Wondering what a smishing text looks like? Radio personality Dave Vitty tweeted one that he received from “Apple”, proving that even someone with a blue tick and hundreds of thousands of Twitter followers can be a target.
This might sound like a rare situation to get yourself into, but money mule scams are a lot more common than you think – and unfortunately, young unsuspecting students are the perfect target.
In fact, according to Cifas (the UK’s fraud prevention service), there were almost 8,800 cases of people aged 21 or under becoming victims of money muling in 2020. While this was 12% less than the year before, it could have been due to people spending more time inside their homes in 2020.
Money mule victims will be approached by someone (perhaps someone in a bar, a neighbour or even someone you know relatively well) and they’ll tell you that for some reason or other, they’re unable to pay cash into their own account.
Perhaps they’re working cash in hand so can’t be seen paying too much hard cash into their account in case they get chased for tax. They ask you to pay the cash into your own account and transfer it to them digitally, and they’ll give you a 10% cut for your trouble. Simple, right?
Wrong. Never offer to do this for someone! For a start, money laundering is illegal and if you get caught, it won’t be pretty.
Secondly, you have no idea where this money could be coming from. If it’s linked to drugs or some other crime and your account is linked to the case, the police will probably come looking for you. Don’t take the risk!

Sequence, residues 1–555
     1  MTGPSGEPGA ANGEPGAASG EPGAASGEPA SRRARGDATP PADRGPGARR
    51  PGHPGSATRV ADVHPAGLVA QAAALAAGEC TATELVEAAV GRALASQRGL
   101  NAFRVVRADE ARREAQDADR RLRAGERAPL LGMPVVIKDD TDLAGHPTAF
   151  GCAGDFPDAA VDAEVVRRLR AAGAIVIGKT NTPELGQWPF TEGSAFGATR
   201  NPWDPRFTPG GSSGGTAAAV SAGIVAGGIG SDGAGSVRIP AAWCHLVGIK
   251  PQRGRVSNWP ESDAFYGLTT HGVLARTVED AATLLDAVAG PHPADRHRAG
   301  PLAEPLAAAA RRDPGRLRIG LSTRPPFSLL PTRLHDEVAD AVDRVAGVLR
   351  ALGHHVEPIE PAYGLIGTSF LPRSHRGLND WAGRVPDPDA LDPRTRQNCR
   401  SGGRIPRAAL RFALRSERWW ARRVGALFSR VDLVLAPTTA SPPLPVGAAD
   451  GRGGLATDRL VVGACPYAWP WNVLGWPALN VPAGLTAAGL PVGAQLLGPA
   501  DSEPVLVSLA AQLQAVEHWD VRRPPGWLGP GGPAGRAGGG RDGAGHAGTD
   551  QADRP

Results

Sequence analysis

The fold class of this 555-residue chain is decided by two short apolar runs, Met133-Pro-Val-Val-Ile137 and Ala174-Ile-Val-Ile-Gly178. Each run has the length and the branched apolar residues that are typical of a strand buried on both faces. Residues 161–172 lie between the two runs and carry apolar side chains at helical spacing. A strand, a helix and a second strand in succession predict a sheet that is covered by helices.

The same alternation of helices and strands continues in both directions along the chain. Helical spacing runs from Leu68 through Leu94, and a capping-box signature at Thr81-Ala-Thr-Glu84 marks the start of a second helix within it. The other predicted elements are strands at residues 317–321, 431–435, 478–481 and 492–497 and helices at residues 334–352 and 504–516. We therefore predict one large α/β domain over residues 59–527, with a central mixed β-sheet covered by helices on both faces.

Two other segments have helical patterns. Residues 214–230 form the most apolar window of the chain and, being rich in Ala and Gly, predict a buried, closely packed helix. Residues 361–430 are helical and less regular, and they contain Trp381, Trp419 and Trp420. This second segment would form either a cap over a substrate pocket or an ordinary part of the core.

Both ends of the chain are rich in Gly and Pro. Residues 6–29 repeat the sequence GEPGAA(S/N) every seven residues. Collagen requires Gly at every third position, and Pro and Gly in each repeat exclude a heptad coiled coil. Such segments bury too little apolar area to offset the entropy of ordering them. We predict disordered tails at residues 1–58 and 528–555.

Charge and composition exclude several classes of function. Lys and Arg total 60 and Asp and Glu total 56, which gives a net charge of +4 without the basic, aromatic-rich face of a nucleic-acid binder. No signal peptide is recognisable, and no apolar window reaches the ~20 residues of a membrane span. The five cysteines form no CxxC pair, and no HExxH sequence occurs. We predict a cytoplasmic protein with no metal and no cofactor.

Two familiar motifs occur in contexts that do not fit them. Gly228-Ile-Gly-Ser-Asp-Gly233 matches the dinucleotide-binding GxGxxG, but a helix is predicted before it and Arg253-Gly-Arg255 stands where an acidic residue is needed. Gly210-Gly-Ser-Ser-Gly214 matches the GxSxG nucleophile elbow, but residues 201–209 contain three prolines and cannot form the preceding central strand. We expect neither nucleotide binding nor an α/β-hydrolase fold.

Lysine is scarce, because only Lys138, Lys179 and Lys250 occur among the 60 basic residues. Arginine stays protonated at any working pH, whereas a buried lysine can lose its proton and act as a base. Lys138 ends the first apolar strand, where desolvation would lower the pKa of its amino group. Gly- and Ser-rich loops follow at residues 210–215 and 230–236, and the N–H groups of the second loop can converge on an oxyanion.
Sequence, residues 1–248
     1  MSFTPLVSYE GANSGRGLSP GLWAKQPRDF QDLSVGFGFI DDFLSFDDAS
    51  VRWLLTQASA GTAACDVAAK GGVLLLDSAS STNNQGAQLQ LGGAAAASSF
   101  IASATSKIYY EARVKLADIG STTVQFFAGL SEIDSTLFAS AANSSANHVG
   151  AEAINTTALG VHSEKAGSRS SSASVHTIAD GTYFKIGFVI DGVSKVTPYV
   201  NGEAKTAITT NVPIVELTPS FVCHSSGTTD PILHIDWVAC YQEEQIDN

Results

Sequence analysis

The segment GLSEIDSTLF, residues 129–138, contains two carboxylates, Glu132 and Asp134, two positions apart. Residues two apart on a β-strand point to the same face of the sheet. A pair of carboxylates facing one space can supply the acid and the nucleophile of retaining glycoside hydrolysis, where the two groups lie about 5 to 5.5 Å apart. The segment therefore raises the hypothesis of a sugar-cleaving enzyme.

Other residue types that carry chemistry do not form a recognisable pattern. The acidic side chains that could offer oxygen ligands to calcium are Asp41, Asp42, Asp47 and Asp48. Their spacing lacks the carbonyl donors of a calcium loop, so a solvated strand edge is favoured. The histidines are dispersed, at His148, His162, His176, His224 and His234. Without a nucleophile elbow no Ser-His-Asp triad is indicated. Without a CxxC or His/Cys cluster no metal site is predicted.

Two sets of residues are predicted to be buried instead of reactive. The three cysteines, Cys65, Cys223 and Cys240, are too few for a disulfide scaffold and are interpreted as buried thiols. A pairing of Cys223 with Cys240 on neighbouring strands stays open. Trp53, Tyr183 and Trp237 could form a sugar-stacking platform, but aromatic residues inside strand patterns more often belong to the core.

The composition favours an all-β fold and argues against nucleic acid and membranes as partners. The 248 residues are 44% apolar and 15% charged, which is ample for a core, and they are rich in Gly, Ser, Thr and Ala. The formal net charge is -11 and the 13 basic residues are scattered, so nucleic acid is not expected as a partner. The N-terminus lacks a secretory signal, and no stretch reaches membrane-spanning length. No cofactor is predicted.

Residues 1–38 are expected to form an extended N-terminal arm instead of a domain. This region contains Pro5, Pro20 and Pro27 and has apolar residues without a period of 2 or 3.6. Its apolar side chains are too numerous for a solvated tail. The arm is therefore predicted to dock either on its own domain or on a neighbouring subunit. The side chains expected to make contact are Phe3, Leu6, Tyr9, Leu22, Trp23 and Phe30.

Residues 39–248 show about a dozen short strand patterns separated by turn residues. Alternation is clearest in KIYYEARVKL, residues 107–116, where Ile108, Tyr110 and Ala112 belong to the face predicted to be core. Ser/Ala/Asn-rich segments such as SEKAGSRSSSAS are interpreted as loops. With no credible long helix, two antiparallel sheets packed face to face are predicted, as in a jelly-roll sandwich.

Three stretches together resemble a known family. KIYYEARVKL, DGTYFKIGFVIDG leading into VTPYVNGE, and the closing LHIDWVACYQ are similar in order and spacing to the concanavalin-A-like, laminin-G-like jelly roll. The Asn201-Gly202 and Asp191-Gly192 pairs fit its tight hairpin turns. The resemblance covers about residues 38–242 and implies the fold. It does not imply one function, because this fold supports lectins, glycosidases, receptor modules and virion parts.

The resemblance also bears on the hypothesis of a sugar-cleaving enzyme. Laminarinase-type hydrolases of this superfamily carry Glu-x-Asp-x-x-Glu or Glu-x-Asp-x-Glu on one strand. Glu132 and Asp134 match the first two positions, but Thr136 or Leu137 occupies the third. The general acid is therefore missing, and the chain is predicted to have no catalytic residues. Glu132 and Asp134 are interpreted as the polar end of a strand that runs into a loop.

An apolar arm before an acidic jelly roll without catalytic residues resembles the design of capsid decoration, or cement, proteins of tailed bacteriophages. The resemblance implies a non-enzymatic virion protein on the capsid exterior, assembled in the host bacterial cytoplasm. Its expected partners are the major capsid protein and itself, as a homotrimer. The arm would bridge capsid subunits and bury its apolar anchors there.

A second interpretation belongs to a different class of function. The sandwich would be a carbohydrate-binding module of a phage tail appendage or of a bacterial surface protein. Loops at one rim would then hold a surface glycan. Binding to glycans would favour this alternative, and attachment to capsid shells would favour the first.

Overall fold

With it now being so much easier and more common to buy from sites abroad, it can also be harder to suss out which are genuine and which are just out to get your hard-earned money.
It’s scarily common for websites to advertise products that are completely different to what they actually sell (which is a crime in itself), or even not really exist at all, and just be there to take your details and run with them.
It can be difficult to tell the difference between copycats and the real deal, but it’s a good idea to check out reviews of the store online which can point you to any negative experiences from other shoppers.
LegitOrScam.site is a great (and more importantly, independent) review site that you can use to find out just what a company is all about.
If you’ve still got your suspicions, only buy from a site if they’ll let you use PayPal. This offers an extra layer of protection, as would using a prepaid credit card.
There are very few things in the world more heartbreaking than getting scammed on gig tickets, so make sure you don’t get taken for a ride.
As a general rule, don’t buy tickets from a tout on the street. You could end up with fake tickets or being totally ripped off on the price.
Exercise the same caution online too, as you’ll also find unofficial touts on viagogo, TicketSwap, Gumtree and eBay.
Remember that these sites are just a platform for others to sell and buy tickets on – they’re not liable if you receive a fake ticket (or even none at all).
If you do buy from a smaller retailer, check out the site first and pay with a credit card if at all possible. That way you can cancel the payment if the tickets don’t show.